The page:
COP24 - An Observer's view

Mike Franks is a longtime SERA member with an interest in energy politics. Early this century he helped to establish the sustainable development monitoring framework for the North West, and subsequently worked as a spatial and demographic analyst for Oldham. Mike attended COP24 as an observer for the Manchester based ‘Campaign for a Hydrogen Economy’.

The opportunity of observer status for the second week of COP24 seemed to be somewhere between a short straw and a hard place. Would it be any more than a talking shop? Would anything really be achieved? Katowice in Silesia, southern Poland is the centre of its coal industry. Moving away from electricity production using coal in line with its Paris Agreement commitments, Poland’s Energy Minister and COP24 President Michal Kurtyka was pleased to announce development of the Baltic gas pipeline along with its neighbours.

It seems producers are loath to lose their cash cows, and the path away from fossil fuels is a painfully slow grind. The US, Russia and Saudi Arabia together ensured that a statement welcoming the IPCC Special Report[1] on the urgency of reducing greenhouse gas emissions to keep within 1.5oC rise in temperature above pre-industrial levels, was simply noted.

There were though some positive moments. Connie Hedegaard cited IRENA[2] and the growing role of renewables in national policies. Hans-Josef Fell launched a report[3] on how Europe can achieve necessary emissions reduction by generating electricity entirely from renewable sources. No emissions gap, thus no requirement for carbon capture and storage. Only political will is needed. A further study on how this can be achieved globally will be published in February 2019.

Also recognising that current arrangements were not up to the task of tackling climate change, the OECD[4], World Bank and others urged a ‘reset’ of the financial system in line with long-term climate risks and opportunities. They suggest ensuring fiscal sustainability for a low-emission resilient future requires inclusive and just transition, and rethinking infrastructures to protect life and biodiversity. Yet others including Nicholas Stern were there to promote carbon capture and storage as the only way to fill the global emissions gap, apart of course from reducing emissions.

Disappointed that a workshop on the potential for energy storage technologies was cancelled with no explanation it was however good to see Japan was embracing hydrogen as fuel and as a storage vector[5] [6].

Chilling and uplifting by turns, Al Gore remains optimistic saying we don’t have the luxury of time for despair. His impromptu presentation to a packed audience had shocking real time footage of the collapsing Antarctic ice shelf, warnings of extreme temperatures, wildfires, worldwide water cycle disruption, droughts, downpours, desertification and mass migrations. Conversely he asserted, half of all buses will be electric by 2025, California and Washington state carbon free by 2045, solar panels and storage will be transformational, and globally many cities and companies target 100% renewables.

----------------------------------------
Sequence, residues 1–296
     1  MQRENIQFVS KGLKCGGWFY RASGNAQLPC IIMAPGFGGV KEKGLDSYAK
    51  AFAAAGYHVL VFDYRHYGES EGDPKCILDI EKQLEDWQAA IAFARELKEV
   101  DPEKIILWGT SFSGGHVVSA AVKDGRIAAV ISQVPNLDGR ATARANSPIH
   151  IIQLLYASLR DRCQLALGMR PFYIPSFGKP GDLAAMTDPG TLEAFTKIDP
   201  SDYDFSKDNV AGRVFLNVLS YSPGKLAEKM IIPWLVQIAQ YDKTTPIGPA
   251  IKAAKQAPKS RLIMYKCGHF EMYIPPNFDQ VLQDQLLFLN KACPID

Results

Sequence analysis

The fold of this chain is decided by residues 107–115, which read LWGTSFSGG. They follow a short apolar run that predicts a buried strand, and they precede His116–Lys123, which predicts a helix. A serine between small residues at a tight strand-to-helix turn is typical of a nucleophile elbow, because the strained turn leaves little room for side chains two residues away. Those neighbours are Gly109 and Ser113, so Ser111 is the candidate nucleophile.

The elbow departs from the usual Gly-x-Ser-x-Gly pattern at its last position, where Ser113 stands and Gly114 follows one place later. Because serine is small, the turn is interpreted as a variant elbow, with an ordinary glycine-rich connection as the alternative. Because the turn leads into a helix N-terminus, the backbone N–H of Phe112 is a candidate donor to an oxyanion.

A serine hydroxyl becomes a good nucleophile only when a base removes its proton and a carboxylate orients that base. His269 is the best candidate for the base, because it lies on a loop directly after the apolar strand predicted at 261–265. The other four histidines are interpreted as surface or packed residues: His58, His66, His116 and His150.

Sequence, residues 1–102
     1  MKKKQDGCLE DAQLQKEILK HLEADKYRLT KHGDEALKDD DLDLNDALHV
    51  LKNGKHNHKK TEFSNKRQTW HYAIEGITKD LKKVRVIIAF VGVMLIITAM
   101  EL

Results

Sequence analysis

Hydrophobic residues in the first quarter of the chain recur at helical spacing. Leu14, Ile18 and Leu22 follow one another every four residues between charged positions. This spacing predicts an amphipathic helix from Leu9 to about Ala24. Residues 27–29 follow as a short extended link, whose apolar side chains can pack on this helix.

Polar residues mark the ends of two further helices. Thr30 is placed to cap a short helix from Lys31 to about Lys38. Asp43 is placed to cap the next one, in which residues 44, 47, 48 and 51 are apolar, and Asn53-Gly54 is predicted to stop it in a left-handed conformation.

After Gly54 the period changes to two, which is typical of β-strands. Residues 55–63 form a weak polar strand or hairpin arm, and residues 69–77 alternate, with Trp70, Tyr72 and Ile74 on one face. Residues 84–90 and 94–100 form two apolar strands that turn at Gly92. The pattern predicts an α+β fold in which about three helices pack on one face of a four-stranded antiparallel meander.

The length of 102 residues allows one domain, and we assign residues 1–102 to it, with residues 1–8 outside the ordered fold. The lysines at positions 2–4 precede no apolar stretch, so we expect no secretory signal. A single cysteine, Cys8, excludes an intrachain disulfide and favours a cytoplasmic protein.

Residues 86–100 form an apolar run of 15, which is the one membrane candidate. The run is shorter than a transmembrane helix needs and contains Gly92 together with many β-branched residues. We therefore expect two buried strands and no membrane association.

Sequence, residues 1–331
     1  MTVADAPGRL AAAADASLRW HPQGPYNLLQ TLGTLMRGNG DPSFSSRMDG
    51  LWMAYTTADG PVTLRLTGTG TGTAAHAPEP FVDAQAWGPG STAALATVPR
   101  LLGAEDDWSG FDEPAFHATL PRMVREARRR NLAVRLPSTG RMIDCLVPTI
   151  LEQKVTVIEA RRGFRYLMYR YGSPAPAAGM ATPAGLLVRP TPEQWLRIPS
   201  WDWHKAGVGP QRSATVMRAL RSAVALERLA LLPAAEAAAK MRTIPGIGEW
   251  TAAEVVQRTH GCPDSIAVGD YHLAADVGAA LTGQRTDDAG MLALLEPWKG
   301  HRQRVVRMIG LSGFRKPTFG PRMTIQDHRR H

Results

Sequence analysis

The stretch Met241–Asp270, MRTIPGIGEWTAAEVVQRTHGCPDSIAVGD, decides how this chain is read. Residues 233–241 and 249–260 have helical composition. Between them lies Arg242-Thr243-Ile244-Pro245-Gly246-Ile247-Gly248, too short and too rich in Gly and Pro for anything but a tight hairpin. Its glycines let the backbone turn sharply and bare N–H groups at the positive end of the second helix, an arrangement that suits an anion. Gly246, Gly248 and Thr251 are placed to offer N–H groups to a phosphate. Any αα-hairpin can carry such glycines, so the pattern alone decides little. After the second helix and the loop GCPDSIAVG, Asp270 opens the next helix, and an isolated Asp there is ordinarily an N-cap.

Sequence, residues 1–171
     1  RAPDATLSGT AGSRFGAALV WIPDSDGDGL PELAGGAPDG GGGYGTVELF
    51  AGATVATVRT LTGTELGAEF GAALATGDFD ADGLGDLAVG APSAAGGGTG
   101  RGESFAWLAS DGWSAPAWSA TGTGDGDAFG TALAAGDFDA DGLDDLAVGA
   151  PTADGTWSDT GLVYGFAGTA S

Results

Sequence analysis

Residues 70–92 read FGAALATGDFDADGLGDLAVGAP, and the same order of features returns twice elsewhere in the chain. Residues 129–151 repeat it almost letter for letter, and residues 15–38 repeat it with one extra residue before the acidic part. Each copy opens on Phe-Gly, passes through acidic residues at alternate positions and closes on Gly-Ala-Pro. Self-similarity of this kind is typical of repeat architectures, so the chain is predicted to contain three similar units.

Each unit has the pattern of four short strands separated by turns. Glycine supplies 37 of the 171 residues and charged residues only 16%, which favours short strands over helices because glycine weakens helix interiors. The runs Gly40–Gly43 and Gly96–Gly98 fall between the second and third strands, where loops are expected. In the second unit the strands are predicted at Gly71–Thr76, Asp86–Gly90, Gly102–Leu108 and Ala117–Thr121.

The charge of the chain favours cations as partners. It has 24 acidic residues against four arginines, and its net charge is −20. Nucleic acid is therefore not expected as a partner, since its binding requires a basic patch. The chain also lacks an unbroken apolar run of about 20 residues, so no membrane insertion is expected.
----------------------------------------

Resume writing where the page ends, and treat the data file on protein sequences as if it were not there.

Encouragingly, a new international network was launched to tackle the grossly large subsidies for fossil fuels[7]. Michelle Bachelet (UN High Commissioner) placed human rights at the forefront of climate change talks highlighting the need to protect those threatened by environmental degradation, and El Salvador has proposed[8] a Decade of Ecosystem Restoration.

In a session on the Powering Past Coal Alliance[9], Canadian Energy Minister Catherine McKenna recognised the need to involve workers, trade unions and communities in the transition away from coal. Claire Perry (UK Energy Minister) then declared offshore wind to be comparable in price to new gas plants, launched a ‘utilities task force’, made a bid to host COP26 in 2020 and announced Cornwall, Great Yarmouth and Hull are to be centres for green jobs employing more people than in the aerospace industry. Attempting to deflect a heckle from the floor over the UK government’s support for fossil fuels and fracking, Claire Perry at first dismissed it as a rude interruption, changing tack to admire the passion of other hecklers who raised concerns. These were primarily about DRAX, contesting government subsidy and questioning its sustainability and scalability. Was this the spirit of the Talanoa Dialogue[10] in action?

So what was achieved and was it enough? COP24 eventually managed to agree a rule book for implementation of the Paris Agreement, but did little to address the urgency of reducing carbon emissions. The IPCC Special Report warns against future reliance on large-scale removal of carbon dioxide rather than considerably reducing emissions before 2030. We cannot wait until then to see how much of a positive impact a decade of ecological restoration may have had. It is a matter of political will to adopt zero carbon technologies now. In the words of Al Gore political will itself is a renewable resource. Let’s make that happen.

 

The SERA blog regularly hosts content from SERA members and stakeholders - the views represented are the personal views of the author

 

[1] https://report.ipcc.ch/sr15/pdf/sr15_spm_final_pdf

[2] http://climate.irena.org

[3] http:///energywatchgroup.org/new-study-100-renewable-energy-across-europe

[4] http://www.oecd.org/environment/cc/climate-futures

[5] http://copjapan.env.go.jp/cop/cop24/en/pavilion/03

[6] https://www.innovatorsmag.com/japan-is-building-a-hydrogen-society

[7] http://fffsr.org

[8] https://wedocs.unep.org/bitstream/handle/20.500.11822/26027/Ecosystem_decade_Salvador_Initiative.pdf?sequence=1&isAllowed=y

[9] https://poweringpastcoal.org

[10] https://talanoadialogue.com

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  • Phillip Fenton
    published this page in Latest Posts 2019-01-17 12:18:39 +0000